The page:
How AI May Help Treat Metastatic Cancer

By Sherry Baker and Temma Ehrenfeld @SherryNewsViews
November 08, 2023
How AI May Help Treat Metastatic Cancer

It’s difficult to cure cancer once it spreads. But AI-directed precise, individualized treatments may raise your odds. Here’s what you should know.

The big fear with any cancer is that it can spread. Malignant cells in one spot may metastasize to nearby normal lymph nodes, tissues, or organs and continue to other parts of your body.

Once the problem has traveled far from its origin, cancer is generally classified as stage IV (4), the hardest kind to fight.

Artificial intelligence (AI), however, may empower doctors to save the lives of people with a metastatic cancer. AI has already shown promise in detection, screening for risk, diagnosing the origin of cancer, and tailoring treatment.


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How AI could target metastasized cancer

Current treatments, which include surgery, radiation, hormone therapy, and chemotherapy, can stop or slow the growth of many types of cancer. But finding the right recipe is tough. A treatment that worked on malignant cells in the origin of the cancer may not work with cells in another part of your body after the cancer spreads.  

A treatment may work for only a while. Cancer doctors, called oncologists, are often forced to try one treatment after another.

One treatment may produce so many risky or unpleasant side effects that a patient chooses not to pursue it. But you can’t know precisely in advance how unpleasant or effective it will be.

No two patients are the same. As medicine advances, the hope is that it will become personalized, drawing upon an individual’s genetic makeup, history, and sensitivity to medication, as well as general rules from medical experience.

Doctors will always make choices based upon patterns they’ve seen in other patients. But the more details the better.

AI analyzes enormous databases to recognize and document patterns that scientists and doctors may not have previously seen. Feeding the process with more detailed information about an individual patient can help doctors fine-tune their approach.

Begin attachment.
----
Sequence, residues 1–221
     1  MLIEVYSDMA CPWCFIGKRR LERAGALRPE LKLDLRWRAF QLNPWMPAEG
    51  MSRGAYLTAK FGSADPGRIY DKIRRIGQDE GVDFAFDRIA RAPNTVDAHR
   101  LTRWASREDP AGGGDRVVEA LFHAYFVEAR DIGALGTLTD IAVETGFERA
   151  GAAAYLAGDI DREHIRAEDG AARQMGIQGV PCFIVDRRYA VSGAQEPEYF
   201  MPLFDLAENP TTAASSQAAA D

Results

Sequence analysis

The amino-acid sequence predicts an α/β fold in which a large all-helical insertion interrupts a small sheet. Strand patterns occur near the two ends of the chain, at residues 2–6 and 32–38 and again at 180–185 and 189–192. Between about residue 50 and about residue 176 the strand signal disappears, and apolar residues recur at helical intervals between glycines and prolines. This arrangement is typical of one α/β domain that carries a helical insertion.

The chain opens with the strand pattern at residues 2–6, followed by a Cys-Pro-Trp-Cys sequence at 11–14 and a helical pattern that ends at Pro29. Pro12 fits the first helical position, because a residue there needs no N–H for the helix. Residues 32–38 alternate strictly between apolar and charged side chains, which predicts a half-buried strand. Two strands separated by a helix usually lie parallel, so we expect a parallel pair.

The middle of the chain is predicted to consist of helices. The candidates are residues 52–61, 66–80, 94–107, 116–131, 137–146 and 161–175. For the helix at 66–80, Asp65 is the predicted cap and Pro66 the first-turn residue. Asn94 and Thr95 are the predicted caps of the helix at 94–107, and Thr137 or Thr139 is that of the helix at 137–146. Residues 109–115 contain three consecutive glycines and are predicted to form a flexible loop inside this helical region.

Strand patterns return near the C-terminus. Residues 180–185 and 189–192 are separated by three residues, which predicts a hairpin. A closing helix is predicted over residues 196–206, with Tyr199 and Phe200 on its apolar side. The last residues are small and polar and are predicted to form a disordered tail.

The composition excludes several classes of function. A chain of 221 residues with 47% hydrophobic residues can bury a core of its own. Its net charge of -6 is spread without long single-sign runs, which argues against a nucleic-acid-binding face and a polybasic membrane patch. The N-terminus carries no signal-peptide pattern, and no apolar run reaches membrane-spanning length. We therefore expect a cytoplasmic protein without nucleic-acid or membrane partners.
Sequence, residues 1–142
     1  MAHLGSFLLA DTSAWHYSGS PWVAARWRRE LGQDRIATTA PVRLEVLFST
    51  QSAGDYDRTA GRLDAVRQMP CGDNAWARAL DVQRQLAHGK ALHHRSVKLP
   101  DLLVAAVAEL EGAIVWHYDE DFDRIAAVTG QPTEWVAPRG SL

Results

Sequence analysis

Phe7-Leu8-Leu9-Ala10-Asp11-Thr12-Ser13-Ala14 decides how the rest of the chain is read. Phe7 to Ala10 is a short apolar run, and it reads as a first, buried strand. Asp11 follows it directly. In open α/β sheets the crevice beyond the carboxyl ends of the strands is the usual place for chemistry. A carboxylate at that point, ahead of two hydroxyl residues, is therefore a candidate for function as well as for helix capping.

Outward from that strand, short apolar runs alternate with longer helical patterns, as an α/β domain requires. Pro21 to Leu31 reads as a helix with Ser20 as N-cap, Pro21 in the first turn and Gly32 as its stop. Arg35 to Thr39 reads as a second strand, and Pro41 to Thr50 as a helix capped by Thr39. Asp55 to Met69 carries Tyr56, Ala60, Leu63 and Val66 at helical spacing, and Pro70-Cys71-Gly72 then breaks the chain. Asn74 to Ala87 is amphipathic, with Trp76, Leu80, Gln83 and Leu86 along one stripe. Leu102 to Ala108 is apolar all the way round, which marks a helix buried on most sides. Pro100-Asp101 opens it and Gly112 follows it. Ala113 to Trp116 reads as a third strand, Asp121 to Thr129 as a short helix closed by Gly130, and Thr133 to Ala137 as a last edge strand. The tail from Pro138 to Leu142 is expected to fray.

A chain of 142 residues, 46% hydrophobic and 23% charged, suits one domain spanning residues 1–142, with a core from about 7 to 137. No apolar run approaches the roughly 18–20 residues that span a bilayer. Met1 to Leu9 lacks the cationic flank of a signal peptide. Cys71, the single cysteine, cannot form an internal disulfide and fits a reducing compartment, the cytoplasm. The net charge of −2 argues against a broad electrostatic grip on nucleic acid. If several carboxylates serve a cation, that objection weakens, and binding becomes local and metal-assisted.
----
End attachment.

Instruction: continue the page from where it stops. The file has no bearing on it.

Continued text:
For example, the field of radiomics uses AI to extract more useful details from medical images of tumors.

In one investigative project, scientists at five institutions across Europe are applying radiomics with 600 lung cancer patients. A separate group has used AI to create a model that predicts the prognosis of lung cancer patients with 75 percent accuracy, but it did not have radiomic information.

In patients with colon cancer, the malignancy spreads to their livers about half the time. Columbia University researchers used radiomics to analyze a set of images from nearly 670 colon cancer patients.

Half of them had received a cocktail of drugs that included one called cetuximab. The other half didn’t get the cetuximab. The project identified details in images of the colon that outperformed other known markers used for predicting response to treatment.

"Patients respond to chemotherapy differently from one another. Even a single patient's response to therapy can vary substantially over the course of treatment. In fact, many patients do not respond at all to the drug combination because the dosages, which can profoundly impact efficacy, are not suitable for them,” said Dean Ho, director of the Institute for Digital Medicine at the National University of Singapore (NUS).

NUS engineers have developed CURATE.AI, which compiles data about metastatic cancer patients, including chemotherapy types, dosages, and subsequent changes in the size of a tumor or levels of biomarkers in the blood.

The program creates a profile, or “map,” for each patient’s treatment, projecting expected responses. It also identifies specific drug doses that may require frequent changes to maximize results.

"No two patients' profiles are alike, and as a patient's body and the cancer itself evolve during treatment, the CURATE.AI profile evolves as well, enabling the clinical and engineering teams to optimize care for the entire duration of treatment, an unprecedented advance for combination therapy," Ho said.

Evidence AI may help treat metastatic cancer successfully

When researchers tested the CURATE.AI map on a man with advanced, stage IV, treatment-resistant prostate cancer, he received a novel drug combination that included an investigational drug, ZEN-3694, and enzalutamide, a widely used prostate cancer drug.

The researchers used the CURATE.AI patient treatment map to identify and raise and lower the optimal doses of each drug, a strategy known as dynamic dosing.

"Dynamic dosing in cancer therapy is not commonly used. In fact, drug dosing changes in oncology are typically performed only to reduce toxicity. CURATE.AI uniquely modifies drug dosing to increase efficacy,” Ho said.

It worked. The man’s metastatic cancer was halted, and he returned to his previously active life.

The study provides hope when a drug that worked before seems to fail, noted urologist and prostate cancer expert Allan Pantuck, MD, at University of California in LA, the lead clinician of the study. It may work again with dynamic dosing.  


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November 08, 2023

Reviewed By:  

Janet O'Dell, RN